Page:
Inspiration

Scheduled healthcare appointments are getting shorter - often limited to ten minutes or so. As we age, our need for medical care often becomes more frequent and more complex. I saw an opportunity to use ambient technology we all have now in the home, the car or on our mobile devices to capture - almost casually - any personal observations of our own changing health. Armed with this historical context, a patient + doctor team might make more efficient use of available time, and contribute to diagnosis and treatment.

What it does

The skill lets customers record their own observations about their health. The input is free-form - just short descriptions. Notes are retained for 30 days then automatically deleted (a 30-day window should be sufficient symptom history for most situations). By logging health notes habitually, no matter how minor, the patient is building up a comprehensive picture of their changing health. Some observations will be irrelevant, others can give clues to a developing condition. When the patient visits the doctor (for instance) they can take a detailed report to ensure accuracy in reporting symptoms.

How we built it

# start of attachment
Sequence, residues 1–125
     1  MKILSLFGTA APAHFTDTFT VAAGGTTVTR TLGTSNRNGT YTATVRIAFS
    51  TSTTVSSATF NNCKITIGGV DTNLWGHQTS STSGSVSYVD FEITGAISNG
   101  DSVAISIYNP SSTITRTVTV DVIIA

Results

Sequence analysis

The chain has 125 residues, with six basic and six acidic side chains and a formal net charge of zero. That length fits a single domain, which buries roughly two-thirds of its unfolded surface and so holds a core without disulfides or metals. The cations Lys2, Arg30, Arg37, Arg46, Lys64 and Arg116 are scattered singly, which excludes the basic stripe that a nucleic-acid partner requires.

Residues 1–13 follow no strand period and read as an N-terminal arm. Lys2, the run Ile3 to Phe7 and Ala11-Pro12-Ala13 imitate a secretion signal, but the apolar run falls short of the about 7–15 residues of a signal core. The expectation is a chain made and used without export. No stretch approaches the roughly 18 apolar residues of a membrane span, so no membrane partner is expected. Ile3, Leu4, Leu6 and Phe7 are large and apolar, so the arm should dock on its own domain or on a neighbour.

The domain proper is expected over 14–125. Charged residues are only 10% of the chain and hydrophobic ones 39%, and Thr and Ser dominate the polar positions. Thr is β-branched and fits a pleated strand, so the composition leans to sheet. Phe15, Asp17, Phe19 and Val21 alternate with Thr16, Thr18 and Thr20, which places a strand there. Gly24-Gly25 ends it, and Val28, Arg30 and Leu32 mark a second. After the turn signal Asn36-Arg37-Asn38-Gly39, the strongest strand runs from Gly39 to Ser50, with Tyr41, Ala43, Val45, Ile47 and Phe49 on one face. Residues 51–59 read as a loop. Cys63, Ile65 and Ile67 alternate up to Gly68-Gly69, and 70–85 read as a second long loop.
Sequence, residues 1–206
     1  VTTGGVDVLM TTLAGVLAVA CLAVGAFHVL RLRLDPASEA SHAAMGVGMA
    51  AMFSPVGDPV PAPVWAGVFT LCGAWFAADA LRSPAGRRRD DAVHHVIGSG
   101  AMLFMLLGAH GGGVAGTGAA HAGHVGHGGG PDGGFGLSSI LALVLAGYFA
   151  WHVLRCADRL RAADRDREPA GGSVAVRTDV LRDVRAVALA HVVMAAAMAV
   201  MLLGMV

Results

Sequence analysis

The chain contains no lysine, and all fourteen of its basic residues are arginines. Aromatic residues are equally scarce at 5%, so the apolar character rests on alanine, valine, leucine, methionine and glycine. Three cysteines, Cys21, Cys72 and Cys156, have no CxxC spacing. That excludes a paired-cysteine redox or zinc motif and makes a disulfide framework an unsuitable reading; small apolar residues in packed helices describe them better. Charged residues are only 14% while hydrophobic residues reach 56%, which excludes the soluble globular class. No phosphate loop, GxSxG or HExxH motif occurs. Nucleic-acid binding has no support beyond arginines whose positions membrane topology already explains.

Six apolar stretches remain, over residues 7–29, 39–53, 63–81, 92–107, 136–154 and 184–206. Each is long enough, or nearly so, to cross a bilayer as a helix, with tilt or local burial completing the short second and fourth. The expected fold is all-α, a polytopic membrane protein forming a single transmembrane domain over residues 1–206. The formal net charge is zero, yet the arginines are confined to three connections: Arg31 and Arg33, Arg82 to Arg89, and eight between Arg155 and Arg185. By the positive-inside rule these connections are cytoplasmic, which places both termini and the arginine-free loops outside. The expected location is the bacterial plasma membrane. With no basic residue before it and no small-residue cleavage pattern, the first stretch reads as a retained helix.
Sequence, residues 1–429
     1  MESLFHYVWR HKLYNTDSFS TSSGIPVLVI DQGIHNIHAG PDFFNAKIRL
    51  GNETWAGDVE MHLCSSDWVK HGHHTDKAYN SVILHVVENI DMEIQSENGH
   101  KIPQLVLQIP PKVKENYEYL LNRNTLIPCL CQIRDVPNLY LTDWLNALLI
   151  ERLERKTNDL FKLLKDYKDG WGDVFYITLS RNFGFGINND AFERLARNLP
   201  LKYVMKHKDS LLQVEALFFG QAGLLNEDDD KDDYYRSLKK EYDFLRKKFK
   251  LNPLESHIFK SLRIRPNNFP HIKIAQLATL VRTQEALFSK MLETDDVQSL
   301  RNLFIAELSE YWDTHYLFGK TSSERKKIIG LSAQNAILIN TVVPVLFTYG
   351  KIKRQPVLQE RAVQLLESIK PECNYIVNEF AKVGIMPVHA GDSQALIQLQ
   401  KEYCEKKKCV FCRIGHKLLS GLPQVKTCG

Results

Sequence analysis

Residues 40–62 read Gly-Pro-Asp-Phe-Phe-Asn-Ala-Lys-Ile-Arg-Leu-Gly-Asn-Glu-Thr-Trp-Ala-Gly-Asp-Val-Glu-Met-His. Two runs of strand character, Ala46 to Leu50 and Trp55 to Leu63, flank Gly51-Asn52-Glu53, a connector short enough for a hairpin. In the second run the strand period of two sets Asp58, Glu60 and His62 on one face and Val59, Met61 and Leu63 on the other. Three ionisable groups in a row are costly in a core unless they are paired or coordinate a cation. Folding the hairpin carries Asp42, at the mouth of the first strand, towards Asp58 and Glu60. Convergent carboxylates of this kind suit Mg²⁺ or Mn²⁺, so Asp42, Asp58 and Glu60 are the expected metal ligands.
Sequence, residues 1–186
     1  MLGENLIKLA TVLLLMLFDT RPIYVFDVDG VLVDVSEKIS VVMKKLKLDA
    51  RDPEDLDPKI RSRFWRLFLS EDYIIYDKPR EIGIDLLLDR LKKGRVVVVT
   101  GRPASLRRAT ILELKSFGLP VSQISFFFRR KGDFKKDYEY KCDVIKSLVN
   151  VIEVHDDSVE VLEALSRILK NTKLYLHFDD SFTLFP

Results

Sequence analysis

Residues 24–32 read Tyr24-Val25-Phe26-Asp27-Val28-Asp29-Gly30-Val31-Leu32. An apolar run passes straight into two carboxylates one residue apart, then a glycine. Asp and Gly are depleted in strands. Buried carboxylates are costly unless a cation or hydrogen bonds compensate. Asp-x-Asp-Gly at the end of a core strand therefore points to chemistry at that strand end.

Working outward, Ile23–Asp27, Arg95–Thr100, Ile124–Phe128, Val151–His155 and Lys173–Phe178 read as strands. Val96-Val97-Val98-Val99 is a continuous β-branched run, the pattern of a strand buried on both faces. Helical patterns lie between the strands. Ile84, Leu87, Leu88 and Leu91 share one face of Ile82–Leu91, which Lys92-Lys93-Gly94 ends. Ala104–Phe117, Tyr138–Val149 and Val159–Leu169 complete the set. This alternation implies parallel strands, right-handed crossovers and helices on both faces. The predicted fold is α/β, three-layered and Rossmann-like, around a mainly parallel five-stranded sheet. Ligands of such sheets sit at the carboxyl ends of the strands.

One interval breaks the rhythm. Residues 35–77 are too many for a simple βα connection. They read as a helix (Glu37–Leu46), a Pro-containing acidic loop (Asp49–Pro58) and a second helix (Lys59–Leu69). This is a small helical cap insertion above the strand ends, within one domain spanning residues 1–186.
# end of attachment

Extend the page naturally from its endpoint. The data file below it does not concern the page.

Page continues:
This is a self-hosted skill built with Javascript, NodeJS, AWS Lambda and Amazon DynamoDB.

Challenges we ran into

I wanted to ensure that customers could have a permanent record of their notes, in an editable and shareable format. I chose email as the solution because it's universal and easy to edit and share using existing tools on everyone'e device. It also accommodates long messages (a 30-day trailing log for an enthusiastic patient might have hundreds of saved notes).

Accomplishments that we're proud of

I like that the skill is generic enough to be used for any kind of health-related journal, including physical, mental health, diet, medication effects.

What we learned

Learned a bunch of APL features I hadn’t used before.

What's next for My Health Notes

Improved reporting, lots more testing, get feedback from health professionals.

Share this project:

Updates